Thursday, 26 March 2015

The Fault In Our Stars (2014) Film Review SPOILERS!

I read this book during summer last year and I loved it. I ugly cried when the twist was revealed that actually Hazel wasn't going to die, Augustus was. That John Green made Augustus believable, losing his confidence, happiness and courage near to the end of his death, was all the worse. It felt like someone you knew really dying. 

When I went to see the film in the cinema last August (a week before my friends and I went to Amsterdam, which was a bit surreal) it was different, because instead of being inside of Hazel's mind you're now just a viewer of her life. There's less of a connection to her and sometimes her actions can seem selfish, which is normal for a teenager anyway, but in the book they were explained much better. Plus, everything seems more romantic written down. In film it can sometimes seem a bit cheesy. However I really liked the way the texts were visualised in the film, as hand-drawn bubbles sometimes with fireworks exploding out of them to give a sense of Hazel's excitement.


I rewatched this film last night and it isn't just a one-watch-wonder. It stands the test of repeat viewings. The Fault in Our Stars is amazing. It makes you laugh in parts (egg-throwing scene), smile (when Augustus and Hazel are falling in love and so cute together), cry (just about the whole last third of the film). The director knows exactly how to play the viewer and manipulate their emotions, which is actually a good thing. Most of the dialogue is directly from the novel so it still retains some authenticity of being Green's own words and his expertly crafted teenage first love story is so perfect it doesn't need changing much at all. Augustus' metaphor - the unlit cigarette - is too obvious for me. It's the kind of thing that is normally used in a literary way, but not stated so explicitly. Even in the book it seemed a bit unbelievable for a teenager to bother doing that. And it's weird Hazel is okay (aw) with it, because he's still essentially plowing money into the big corporations giving people cancer. However the film as a whole is whirlwind ride of first love, teenage angst, emotion, all ramped up by the instability of their diseases. The park scenes, from when they are both relatively healthy to when they know he hasn't got much time left, are beautiful. The trip to Amsterdam is picturesque and full of energy and adventure. Though a lot cleaner and less populated with dudes smoking weed while they ride their bikes than I remember.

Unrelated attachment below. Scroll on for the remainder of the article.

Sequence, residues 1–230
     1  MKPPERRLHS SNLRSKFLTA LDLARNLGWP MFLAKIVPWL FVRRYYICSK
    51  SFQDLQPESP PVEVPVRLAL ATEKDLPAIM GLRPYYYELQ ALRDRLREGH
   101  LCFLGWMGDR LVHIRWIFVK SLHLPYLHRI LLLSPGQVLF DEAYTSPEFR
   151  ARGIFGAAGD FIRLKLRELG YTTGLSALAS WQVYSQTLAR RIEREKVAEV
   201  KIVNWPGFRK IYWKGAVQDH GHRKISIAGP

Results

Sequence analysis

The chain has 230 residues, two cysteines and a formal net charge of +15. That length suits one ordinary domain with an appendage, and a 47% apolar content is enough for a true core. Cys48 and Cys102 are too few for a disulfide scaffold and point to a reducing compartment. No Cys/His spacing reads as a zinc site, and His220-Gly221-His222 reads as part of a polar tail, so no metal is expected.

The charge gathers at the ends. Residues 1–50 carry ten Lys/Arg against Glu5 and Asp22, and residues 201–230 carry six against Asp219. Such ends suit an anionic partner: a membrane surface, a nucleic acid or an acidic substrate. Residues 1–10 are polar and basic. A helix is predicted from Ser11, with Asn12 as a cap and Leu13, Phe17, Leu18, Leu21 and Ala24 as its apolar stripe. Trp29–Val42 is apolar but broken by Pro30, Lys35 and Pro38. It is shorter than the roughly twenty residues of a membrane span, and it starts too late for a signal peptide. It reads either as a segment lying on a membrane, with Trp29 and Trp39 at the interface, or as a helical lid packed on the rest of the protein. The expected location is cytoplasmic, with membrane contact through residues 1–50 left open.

The actors give the performances of their lives, Ansel Elgort (Augustus) is spectacular and in particular the petrol station scene. The struggle not to cry in front of my friends watching him cry was real. Shailene Woodley (Hazel) is - as always - amazing and you forget its her, but sometimes her laughter was so forced it was a bit jarring. Nat Wolff (Isaac) is such a natural, hilarious performance and the eulogy scene where he says he doesn't want to see a world without Augustus Waters is the most heart-wrenching in the whole film, for me. Unfortunately it took a while of getting used to the two main characters because in between watches of The Fault in Our Stars I watched Divergent. (See my review here.) Big mistake - it wasn't worth it, and it's really weird seeing Woodley and Engort transition from brother and sister to boyfriend and girlfriend. They were made to play lovers rather than family, though, their chemistry seems so natural.

In the final third where tissues are a must, waiting for Augustus to die is awful. Every scene is tense, wondering if that's going to be the day. The film doesn't romanticise his illness, neither does the book, and they both deserve some credit for that for the viewers who have been effected by a terminal disease of whatever kind. The final scene of Hazel reading Augustus' final letter is so emotional, and the perfect way to end the film. Unlike the book it doesn't leave you wondering what happens to Augustus' family and friends because you know that, eventually, they'll all be alright. 


Rotten Tomatoes - 8/10 - impressive considering this is made up of critics' opinions. The general consensus is "Wise, funny, and heartbreaking without resorting to exploitation, The Fault In Our Stars does right by its bestselling source material." which I would also agree with.

IMDb: 8/10 - Seems about right. The film has its faults (ha) but overall it's a pretty amazing watch.
- According to this, the film made 10x its budget. 
- The title originates from a Shakespeare quote, "The fault, dear Brutus, is not in our stars, but in ourselves..." and although its a different play, TFIS has a very Romeo and Juliet feel about the story. Just less depressing. And over a longer span than 5 days. And they aren't 13.
- The bench they sit on when Augustus reveals his news was stolen. (By superfans?)